, the high import duties on cocoa beans meant it was a drink only for the wealthy. Chocolate cost the equivalent of 50-75 pence a pound (approximately 400g), when pound sterling was worth considerably morethan it is today. Gradually chocolate became more freely available. In 1657, London'sfirst Chocolate House was opened by a Frenchman, who produced the first advertisementfor the chocolate drink to be seen in London: The history of Cadbury as manufacturers of chocolate products in Birmingham dates back to the early part of the 19th century, when John Cadbury opened a shop in the centreof the city, trading as a coffee and tea dealer. Soon a new sideline was introduced - cocoa

44 and drinking chocolate, which he prepared himself using a mortar and pestle. His lifelonginvolvement with the Temperance Society led him to provide tea, coffee and cocoa as analternative to alcohol, believed to be one of the causes of so much misery and deprivationamongst working people in Britain at that time. Fashionable chocolate houses were soon opened where the people could meet friendsand enjoy various rich chocolate drinks, many of which were rather bitter to taste, whilediscussing the serious political, social and business affairs of the day or gossiping The Cadbury family were closely involved in the evolution of drinking chocolate .From his grocery shop in Birmingham, where he sold mainly tea and coffee, JohnCadbury started preparing cocoa and drinking chocolate, using cocoa beans importedfrom South and Central America and the West Indies. He experimented with a mortar and pestle to produce a range of cocoa and drinking chocolates with added sugar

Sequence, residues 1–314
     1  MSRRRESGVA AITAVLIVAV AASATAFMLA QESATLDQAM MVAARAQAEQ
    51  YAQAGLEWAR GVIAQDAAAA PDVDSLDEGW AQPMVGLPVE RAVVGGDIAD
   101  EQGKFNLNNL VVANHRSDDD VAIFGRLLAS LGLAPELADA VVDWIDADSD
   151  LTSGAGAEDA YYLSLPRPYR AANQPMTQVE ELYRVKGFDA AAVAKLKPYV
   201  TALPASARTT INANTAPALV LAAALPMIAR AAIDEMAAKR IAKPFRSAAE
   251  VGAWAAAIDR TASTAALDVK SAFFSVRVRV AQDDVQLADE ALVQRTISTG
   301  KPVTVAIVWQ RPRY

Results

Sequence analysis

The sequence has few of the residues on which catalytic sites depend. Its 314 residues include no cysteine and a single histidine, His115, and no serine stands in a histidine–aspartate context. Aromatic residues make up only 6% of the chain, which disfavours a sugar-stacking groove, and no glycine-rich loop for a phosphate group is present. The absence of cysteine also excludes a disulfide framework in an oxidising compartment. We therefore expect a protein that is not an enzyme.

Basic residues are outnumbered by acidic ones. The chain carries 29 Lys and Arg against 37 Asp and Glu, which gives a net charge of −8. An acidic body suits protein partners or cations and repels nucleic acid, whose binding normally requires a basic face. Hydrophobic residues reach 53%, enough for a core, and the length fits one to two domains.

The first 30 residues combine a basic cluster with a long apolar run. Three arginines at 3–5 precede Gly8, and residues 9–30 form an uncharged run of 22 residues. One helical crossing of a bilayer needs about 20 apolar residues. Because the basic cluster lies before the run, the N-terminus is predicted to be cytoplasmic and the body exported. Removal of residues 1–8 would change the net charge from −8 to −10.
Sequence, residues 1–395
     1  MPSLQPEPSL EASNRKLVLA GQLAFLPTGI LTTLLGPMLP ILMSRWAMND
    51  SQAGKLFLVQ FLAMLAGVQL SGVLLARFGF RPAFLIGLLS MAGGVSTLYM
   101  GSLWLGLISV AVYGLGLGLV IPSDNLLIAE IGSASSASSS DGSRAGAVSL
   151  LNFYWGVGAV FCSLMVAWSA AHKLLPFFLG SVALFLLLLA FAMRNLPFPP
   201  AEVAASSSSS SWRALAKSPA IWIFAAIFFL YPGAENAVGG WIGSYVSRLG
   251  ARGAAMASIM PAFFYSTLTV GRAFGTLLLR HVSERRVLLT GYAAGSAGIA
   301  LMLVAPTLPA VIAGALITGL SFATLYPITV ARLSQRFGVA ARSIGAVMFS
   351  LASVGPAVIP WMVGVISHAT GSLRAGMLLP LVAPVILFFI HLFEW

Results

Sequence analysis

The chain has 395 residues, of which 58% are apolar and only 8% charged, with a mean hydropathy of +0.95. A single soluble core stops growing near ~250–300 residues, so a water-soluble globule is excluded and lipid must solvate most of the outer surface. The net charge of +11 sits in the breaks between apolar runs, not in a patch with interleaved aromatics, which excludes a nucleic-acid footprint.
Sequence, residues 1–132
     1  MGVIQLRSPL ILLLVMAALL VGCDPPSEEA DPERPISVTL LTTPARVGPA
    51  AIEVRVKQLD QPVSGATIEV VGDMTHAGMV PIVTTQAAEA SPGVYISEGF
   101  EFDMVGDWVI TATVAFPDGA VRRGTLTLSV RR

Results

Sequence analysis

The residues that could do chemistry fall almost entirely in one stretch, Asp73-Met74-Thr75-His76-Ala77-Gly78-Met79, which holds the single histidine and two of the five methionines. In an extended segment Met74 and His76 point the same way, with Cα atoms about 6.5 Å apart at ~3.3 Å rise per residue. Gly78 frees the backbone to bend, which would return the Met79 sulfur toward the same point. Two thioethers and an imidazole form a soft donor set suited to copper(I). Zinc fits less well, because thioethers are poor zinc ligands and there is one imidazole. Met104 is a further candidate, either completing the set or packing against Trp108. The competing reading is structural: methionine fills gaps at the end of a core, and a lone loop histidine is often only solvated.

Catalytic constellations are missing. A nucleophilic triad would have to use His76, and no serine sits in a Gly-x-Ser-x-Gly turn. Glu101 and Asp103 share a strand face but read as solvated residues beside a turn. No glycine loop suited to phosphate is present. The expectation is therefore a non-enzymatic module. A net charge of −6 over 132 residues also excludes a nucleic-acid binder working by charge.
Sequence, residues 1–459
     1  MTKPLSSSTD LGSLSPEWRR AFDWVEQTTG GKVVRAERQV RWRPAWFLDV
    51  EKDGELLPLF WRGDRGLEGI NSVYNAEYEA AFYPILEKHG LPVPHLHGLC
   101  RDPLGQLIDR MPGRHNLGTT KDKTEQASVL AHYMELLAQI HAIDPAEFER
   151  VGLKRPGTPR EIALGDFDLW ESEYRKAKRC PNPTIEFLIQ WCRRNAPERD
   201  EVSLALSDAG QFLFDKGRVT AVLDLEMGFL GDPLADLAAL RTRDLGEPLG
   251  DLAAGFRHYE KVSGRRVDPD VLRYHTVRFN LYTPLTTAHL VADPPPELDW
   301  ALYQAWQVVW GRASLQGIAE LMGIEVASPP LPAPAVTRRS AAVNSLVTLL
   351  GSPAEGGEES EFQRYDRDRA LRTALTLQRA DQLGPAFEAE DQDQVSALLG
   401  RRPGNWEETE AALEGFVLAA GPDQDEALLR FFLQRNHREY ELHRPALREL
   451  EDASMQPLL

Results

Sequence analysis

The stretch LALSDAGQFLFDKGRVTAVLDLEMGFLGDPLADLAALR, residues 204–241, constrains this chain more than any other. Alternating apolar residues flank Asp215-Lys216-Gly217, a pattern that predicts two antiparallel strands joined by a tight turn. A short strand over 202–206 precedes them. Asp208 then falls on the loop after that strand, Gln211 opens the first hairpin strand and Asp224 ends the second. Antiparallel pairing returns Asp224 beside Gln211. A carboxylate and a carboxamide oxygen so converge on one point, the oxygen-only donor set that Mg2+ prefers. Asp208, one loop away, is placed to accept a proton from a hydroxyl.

45 By 1831 the cocoa and drinking chocolate side of the business had expanded
, so herented a small factory in Crooked Lane not far from his shop and became a 'manufacturer of drinking chocolate and cocoa'. This was the real foundation of the Cadburymanufacturing business as it is today. The earliest preserved price list of 1842 shows thatJohn Cadbury sold sixteen lines of drinking chocolate and cocoa in cake and powder forms. Customers would scrape a little off the block and mix it with hot milk or water. Asolid chocolate for eating was introduced by John Cadbury in 1849, which by today'sstandards wouldn't be considered very palatable

46 In 1866 George Cadbury (John 's son) brought to England a press developed in Holland by Van Houten. The press changed the face of cocoa and chocolate production, as it wasdesigned to remove some of the cocoa butter, enabling a less rich and more palatabledrink to be produced. There was no longer any need to add the various types of flour andCadbury's new cocoa essence was advertised as 'Absolutely pure...therefore Best'. Established by Richard and George Cadbury , two Victorian businessmen with greatindustrial and social vision, Bourneville Village is a story of industrial organization andcommunity planning covering well over a century. It embraces the building of a factoryin a pleasant 'green' environment (in stark contrast to the oppressive conditions of theVictorian industrial scene), the enhancement of employees' working conditions andoverall quality of life and the creation of a village community with a balanced residentialmix (both employees and non-employees)